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At the same time HOPE’s president and CEO, Peter Greer, celebrated 10 years of leadership at HOPE, Becky Torre, our wonderful writing intern for the summer, marked 10 weeks with us. Read both their reflections for insight into our work from across the organization.

I’ve been at HOPE for 10 short, full weeks, and though I don’t know much, I did learn at least 10 things (more like 100, but no one likes long posts) from my time. Buckle up and hear it from the perspective of a HOPE writing intern:

1. Christian nonprofit excellence exists

I’ve encountered a lot of poorly run nonprofits, and, unfortunately, flying the banner of Christianity isn’t always an antidote.

HOPE ripped my generalizations away from me and stomped on them until I’d be hard pressed to identify even one. And I couldn’t be more thankful.

HOPE does excellent work because it’s intended to glorify an excellent King. Their hearts are really in this, their love is real, their souls are truly intertwined with their neighbors. And so they work, diligently.

2. Mission Drift isn’t a cliché book title

HOPE does a lot of things well, but they do one thing exceptionally—Christ-centered microfinance and savings.

Calibrating ourselves for success, framed pictures of the clients we serve hang on nearly every wall. Their faces, their stories are the reason we work. And it’s this focus, captured in the manifesto displayed in the marketing studio, which fuels such solid service.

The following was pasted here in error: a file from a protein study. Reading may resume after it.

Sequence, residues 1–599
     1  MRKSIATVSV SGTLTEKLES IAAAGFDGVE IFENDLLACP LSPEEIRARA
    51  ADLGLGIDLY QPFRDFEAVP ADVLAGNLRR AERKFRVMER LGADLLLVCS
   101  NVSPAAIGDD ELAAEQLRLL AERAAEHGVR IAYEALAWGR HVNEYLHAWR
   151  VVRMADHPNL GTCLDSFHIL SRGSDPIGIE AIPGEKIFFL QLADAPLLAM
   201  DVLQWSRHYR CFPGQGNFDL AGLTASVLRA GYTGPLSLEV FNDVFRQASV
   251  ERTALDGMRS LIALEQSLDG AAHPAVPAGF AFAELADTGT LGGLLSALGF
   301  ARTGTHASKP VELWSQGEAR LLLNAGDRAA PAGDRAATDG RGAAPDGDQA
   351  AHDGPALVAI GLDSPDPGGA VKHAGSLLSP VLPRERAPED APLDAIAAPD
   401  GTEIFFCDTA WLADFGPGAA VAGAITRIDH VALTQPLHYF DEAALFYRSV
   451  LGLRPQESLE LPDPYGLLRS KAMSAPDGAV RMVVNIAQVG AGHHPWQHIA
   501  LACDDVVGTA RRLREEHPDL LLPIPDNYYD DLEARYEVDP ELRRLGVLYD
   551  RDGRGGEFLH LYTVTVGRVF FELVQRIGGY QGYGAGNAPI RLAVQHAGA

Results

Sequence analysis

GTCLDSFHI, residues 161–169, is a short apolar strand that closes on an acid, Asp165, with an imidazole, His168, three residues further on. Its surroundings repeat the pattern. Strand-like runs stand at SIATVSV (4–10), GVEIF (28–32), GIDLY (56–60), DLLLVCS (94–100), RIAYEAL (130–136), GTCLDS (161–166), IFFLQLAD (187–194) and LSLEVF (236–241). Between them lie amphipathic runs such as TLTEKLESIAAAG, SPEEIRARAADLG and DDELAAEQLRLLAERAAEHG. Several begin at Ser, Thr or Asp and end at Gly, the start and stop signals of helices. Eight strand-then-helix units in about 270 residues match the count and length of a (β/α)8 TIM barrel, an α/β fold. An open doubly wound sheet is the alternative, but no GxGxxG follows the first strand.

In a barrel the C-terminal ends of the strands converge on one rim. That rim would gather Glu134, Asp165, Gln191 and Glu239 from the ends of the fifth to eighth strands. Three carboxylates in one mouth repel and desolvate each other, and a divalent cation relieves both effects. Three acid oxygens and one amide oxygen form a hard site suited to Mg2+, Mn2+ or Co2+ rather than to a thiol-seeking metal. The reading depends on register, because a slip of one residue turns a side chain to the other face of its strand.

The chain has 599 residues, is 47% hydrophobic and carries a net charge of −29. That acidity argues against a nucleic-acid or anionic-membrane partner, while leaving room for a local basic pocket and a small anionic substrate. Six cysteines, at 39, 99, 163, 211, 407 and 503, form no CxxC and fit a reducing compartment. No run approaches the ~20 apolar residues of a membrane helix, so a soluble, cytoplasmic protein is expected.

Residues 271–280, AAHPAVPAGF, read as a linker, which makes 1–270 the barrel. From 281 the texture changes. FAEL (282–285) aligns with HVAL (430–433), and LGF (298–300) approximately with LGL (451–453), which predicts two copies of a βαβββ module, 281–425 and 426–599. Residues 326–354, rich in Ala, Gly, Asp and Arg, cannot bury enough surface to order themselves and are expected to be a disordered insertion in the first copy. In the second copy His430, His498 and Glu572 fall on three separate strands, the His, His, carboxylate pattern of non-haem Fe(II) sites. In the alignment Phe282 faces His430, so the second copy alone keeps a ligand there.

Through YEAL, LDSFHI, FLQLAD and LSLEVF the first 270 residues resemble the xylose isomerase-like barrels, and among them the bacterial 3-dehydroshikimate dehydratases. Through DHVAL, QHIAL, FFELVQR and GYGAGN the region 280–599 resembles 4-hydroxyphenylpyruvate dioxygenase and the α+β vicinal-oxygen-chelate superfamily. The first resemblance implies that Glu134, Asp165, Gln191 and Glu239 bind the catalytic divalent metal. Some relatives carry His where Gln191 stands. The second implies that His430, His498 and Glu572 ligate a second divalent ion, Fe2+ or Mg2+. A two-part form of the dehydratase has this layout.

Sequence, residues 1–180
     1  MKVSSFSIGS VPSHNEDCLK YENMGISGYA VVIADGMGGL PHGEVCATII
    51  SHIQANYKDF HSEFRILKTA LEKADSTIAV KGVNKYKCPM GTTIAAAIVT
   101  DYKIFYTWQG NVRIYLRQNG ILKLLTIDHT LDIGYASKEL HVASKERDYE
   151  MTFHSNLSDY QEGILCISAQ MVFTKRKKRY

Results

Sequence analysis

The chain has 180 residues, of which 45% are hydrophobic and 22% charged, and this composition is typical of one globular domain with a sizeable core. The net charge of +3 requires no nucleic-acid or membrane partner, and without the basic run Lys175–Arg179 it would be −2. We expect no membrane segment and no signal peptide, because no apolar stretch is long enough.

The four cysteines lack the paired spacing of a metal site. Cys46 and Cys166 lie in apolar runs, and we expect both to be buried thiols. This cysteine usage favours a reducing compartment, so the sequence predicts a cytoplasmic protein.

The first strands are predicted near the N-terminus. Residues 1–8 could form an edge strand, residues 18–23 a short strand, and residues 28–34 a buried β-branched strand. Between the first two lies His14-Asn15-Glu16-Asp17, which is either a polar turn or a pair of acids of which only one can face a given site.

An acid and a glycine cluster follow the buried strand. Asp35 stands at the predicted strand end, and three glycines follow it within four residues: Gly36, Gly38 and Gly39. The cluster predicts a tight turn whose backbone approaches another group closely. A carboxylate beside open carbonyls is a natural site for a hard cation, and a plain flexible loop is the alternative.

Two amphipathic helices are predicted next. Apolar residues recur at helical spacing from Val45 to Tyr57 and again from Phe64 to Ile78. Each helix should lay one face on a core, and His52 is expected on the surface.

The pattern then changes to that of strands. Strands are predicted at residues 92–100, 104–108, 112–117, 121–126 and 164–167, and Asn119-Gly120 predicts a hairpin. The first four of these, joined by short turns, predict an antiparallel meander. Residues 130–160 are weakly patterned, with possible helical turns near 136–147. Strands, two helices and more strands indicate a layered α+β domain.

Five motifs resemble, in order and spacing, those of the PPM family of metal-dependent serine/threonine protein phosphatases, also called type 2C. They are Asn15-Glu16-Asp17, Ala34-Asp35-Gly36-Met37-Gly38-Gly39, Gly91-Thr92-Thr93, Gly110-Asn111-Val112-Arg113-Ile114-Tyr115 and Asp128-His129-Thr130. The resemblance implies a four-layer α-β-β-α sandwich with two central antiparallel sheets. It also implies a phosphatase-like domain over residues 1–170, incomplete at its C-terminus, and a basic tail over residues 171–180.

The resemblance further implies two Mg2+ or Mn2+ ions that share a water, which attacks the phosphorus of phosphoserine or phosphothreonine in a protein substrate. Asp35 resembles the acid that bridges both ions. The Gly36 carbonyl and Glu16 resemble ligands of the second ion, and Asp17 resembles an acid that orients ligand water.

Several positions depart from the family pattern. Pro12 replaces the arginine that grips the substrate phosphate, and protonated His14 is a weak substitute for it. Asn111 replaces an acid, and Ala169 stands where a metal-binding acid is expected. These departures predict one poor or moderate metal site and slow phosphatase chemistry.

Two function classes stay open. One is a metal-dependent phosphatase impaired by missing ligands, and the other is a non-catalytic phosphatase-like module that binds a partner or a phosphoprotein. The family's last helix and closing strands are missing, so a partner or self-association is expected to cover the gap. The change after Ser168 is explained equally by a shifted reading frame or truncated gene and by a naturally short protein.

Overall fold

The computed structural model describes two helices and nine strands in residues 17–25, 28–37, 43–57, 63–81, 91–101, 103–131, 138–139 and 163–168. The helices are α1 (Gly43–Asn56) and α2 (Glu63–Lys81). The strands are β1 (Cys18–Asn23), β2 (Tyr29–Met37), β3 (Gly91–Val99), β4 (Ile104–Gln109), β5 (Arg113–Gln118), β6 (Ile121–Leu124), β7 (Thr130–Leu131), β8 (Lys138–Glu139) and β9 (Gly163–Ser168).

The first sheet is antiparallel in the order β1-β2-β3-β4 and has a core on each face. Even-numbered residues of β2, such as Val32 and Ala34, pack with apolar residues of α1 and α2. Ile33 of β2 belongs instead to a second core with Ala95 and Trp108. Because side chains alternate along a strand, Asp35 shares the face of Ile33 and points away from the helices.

HOPE is Mission True—honestly.


3. HOPE’s is a culture committed to washing feet

How often do you get a humorous email reminder from your manager that she’s about to clean out the fridge—claim your Tupperware before it disappears!

I’ve been absolutely blown away by the humility of HOPE staff. These people are intelligent, well credentialed, and willing to wash feet, literally.

4. Meetings don’t need to be torturous

Homemade guacamole and ridiculous party hats aren’t as unusual at HOPE meetings as might be expected. With lightning round answers to an entertaining question, punctuated by bursts of laughter throughout, meetings were always enjoyable—while still being productive.

5. You don’t need a spaceship to fly to the moon

At a Christian nonprofit, the budget is not limitless. But that’s okay.

When your team is committed to stewardship and innovation, you don’t need a budget that covers absolutely every new business technology to do the work God has called us to and reach those orbital heights.

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